Real estate is such a great investment! There is probably nowhere else where you can leverage so much with so little. You can purchase a $500,000 home with $15,000 (at least in some markets, some of the time!). If that home goes up in value $50,000 (or 10 percent) in a year, you’ve more than tripled your $15,000 investment (333 percent). Sound too good to be true? It’s not. People do it every day. The best place to start investing in life is in your personal residence. If you are considering renting— don’t do it! Renting is a losing proposition. All the money goes out and none comes back to you. As a homeowner, you get many benefits, including the tax advantage of deducting the interest portion of your payment. But for now let’s talk about how to get the majority of the money to buy your next home.
First, you need to find a lender. Make sure you have a lender that specializes in providing loans for the type of purchase you are making. If you are buying a home, you will use a residential mortgage lender, and if you are buying land, with certain exceptions, you will probably use a bank. A mortgage lender can do land loans if you are buying a lot and plan to build a home on it immediately. Many mortgage companies now offer what is called a one-time close, construction-to-perm loan, which will help you finance the land purchase, provide the construction financing and then provide the permanent financing once the home is built.
Although we discussed lenders in regard to the sale of your home, once you are ready to buy it is your turn to find financing with the best terms possible. Whether you use a loan officer at a bank, a broker or a mortgage lender recommended by your Realtor®, you will want to make sure that they work hard to get you the best deal they can. At the end of the day, when you commit to a loan, the lender makes a commission. Make sure that they earn it!
In all states, banks are regulated by various government agencies in their practice of providing home loans.
In California, mortgage brokers are licensed, but mortgage bankers do not have to be licensed. However, in Ken’s state of Colorado, mortgage lenders and mortgage brokers do not have to be licensed. This means anyone can get into the business, say they are a mortgage lender and do a lousy job, and you have no recourse through a licensing body. Even though many states require lenders to be licensed, lenders vary widely in honesty and integrity. Therefore, you still must be diligent in selecting your lender and loan officer; they can hold the key to your purchase. Be sure to ask your Realtor® about the licensing requirements for mortgage lenders, mortgage brokers and loan officers in your area.
A loan officer is much like a real estate agent: You may be referred to one by a friend, have a family member in the business or happen to meet one by accident. Just remember that not all loan officers are alike. A good Realtor® will have a short list of lenders and loan officers who have proven they know what they are doing, only make promises they can keep, don’t spring last-minute surprises, have a substantial menu of loans to cover most situations and have competitive rates and costs. You want to avoid last-minute surprises like finding out a day or two before you are supposed to close that the underwriter has a list of conditions which will be impossible to meet prior to closing.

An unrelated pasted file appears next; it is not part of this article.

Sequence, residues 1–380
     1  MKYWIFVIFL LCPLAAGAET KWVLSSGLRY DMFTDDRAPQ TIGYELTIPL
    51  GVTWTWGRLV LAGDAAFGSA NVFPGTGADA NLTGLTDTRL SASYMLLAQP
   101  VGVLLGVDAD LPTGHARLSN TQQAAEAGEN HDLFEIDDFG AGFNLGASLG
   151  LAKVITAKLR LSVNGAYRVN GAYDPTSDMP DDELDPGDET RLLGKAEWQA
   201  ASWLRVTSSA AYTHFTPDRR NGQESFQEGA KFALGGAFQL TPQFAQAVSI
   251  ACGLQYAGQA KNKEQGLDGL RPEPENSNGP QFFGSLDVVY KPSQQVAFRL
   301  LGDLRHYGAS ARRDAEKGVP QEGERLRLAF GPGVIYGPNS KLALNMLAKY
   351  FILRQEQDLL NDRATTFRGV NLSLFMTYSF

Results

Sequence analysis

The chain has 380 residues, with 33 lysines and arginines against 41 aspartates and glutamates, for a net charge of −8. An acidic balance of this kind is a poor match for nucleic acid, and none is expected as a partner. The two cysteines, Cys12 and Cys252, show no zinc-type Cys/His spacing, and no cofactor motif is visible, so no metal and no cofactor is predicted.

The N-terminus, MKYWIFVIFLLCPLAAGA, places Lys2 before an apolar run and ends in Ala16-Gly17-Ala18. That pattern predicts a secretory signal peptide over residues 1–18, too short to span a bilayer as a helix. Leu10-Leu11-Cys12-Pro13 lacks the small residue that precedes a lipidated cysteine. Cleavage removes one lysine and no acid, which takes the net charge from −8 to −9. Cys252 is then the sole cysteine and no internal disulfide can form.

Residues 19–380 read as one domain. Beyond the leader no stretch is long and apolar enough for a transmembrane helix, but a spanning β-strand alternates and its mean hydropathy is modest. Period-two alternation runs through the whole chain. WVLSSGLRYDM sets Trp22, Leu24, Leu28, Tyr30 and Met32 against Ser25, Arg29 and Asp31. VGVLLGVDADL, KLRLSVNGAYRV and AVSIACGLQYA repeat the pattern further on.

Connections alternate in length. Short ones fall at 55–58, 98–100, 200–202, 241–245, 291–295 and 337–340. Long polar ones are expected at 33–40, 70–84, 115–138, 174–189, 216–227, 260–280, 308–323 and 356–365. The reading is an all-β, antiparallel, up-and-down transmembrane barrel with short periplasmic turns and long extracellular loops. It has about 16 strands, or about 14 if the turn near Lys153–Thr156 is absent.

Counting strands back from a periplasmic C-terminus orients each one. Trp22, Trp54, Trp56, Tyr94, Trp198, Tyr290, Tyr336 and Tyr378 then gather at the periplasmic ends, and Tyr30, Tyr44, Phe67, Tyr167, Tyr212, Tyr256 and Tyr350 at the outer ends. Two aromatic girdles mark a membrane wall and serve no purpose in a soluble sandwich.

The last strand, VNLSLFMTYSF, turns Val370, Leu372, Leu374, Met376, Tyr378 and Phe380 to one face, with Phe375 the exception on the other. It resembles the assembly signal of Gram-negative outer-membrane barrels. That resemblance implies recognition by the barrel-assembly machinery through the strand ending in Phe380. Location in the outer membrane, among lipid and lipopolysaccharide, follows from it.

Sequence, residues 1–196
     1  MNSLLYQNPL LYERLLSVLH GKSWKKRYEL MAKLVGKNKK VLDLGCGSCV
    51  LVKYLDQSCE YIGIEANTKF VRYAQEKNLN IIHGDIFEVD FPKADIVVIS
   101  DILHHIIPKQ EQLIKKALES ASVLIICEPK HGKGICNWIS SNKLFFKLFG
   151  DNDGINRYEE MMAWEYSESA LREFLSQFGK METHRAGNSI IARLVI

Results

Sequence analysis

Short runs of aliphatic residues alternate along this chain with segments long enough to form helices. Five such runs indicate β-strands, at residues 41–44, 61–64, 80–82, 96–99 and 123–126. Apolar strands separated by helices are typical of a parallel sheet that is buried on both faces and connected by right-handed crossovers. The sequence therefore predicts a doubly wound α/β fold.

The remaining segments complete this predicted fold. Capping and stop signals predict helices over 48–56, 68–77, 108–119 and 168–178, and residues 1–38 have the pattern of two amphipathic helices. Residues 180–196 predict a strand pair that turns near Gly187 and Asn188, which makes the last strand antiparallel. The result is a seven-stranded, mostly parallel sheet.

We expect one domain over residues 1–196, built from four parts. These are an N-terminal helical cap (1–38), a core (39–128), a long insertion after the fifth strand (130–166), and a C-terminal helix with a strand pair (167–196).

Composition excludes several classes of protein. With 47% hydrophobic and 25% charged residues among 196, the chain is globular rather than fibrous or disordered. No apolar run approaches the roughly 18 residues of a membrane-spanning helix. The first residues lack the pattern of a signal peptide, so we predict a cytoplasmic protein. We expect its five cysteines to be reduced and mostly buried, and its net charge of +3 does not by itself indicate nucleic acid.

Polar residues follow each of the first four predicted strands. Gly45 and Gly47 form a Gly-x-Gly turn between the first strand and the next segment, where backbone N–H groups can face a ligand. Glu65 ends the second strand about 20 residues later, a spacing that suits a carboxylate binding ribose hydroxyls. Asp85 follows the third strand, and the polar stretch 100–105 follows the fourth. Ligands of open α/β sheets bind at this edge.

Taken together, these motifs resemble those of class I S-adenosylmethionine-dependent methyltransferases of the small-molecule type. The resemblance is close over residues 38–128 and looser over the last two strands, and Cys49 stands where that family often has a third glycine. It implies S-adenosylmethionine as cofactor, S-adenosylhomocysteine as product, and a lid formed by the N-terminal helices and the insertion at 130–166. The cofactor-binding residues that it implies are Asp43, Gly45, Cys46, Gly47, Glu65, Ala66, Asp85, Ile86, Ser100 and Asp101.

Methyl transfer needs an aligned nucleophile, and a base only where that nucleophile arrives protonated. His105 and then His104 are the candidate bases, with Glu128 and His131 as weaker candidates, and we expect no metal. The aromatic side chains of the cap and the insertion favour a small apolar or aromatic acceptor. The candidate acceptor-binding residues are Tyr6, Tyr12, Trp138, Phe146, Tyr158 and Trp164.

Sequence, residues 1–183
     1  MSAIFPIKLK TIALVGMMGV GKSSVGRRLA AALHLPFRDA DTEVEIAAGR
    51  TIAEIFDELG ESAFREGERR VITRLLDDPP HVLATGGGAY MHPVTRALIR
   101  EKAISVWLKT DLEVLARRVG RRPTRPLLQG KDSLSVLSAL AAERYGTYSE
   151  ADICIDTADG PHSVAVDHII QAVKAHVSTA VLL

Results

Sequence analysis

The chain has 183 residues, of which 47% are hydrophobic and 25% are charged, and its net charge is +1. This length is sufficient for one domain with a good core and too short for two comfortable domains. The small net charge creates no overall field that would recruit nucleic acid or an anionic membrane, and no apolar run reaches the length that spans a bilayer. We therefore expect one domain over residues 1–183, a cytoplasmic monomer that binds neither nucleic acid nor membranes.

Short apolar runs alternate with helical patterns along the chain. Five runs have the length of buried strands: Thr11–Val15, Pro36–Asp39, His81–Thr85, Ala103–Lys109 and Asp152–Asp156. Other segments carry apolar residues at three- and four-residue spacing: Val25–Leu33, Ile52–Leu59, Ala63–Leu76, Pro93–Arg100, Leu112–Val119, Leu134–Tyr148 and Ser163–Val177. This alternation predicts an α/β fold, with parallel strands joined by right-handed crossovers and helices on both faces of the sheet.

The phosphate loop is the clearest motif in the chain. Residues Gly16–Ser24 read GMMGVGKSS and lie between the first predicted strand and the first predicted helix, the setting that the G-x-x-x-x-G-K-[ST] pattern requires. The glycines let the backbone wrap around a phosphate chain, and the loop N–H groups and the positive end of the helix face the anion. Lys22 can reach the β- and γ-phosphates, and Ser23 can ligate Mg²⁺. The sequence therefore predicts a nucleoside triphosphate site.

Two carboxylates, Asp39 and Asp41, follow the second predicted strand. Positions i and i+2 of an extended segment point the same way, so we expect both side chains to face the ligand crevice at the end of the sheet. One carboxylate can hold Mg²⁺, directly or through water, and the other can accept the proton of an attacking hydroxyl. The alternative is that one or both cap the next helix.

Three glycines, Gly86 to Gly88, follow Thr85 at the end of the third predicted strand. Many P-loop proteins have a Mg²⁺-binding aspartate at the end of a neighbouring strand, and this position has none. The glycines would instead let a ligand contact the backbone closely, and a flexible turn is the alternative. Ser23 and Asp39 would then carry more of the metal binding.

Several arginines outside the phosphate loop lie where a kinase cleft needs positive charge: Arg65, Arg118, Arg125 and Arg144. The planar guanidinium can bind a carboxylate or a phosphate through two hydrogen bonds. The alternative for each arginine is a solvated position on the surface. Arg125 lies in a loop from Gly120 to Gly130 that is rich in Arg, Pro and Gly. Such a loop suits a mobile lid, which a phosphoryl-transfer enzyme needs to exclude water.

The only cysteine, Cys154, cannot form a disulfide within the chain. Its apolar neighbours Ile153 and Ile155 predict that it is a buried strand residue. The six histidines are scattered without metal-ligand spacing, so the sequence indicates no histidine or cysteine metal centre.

Beware of lenders who advertise low rates in major newspapers or on the Internet. Purchasers have often started their loan applications before they met and retained a quality Realtor® to assist in their home purchases. In many cases where the clients stayed with that lender, they have regretted their selection. Typically, something goes wrong. The most common problems are interest rate increases, disregarding good faith estimates, hidden fees, processing delays and lost documents. Make sure to get a lender who is both local and has been referred by someone trustworthy, such as your Realtor®.
We keep lists of lenders who meet our criteria, and a good Realtor® will also be familiar with the basics of loan processing and the types of loans available so they can provide guidance as you work with the lender and can tell if the person you are working with is knowledgeable. However, many agents simply refer you to a lender and stay completely out of the process. We feel teamwork will get more deals done and we tend to stay involved and brainstorm unique possibilities with our buyers and their lenders.
In a contrasting example, a recent first-time homebuyer, whom we’ll call Bob, started out with a lender Mary had recommended. Then Bob found a “great” rate on the Internet and chose to go with the Internet lender instead.
Remember the earlier warning? Bob decided he wanted to switch his loan to the lender who quoted the lowest rates. Clients always have the right to choose their own lenders, but we do caution them when we are not familiar with a lender they choose. We cannot vouch for that lender’s service, competence or knowledge. Often we interview a lender to determine the viability of the loan program they’re offering and to get a sense of how well that lender can represent the client.
Because Bob found his lender on the Internet, the lender was from another state and therefore was not familiar with California’s appraisal procedures. The lender was supposed to order the appraisal but never did, thinking that it was Bob’s responsibility. Unfortunately this was not discovered until the day before closing. The closing had to be postponed and of course by this time Bob’s rate lock had expired. Not only could Bob have lost the house, he also incurred the risk of owing penalties for defaulting on the purchase. But thanks to Mary’s connections, she was able to get him a new loan through the original lender with a similar rate to the original loan’s and in the end everyone was happy.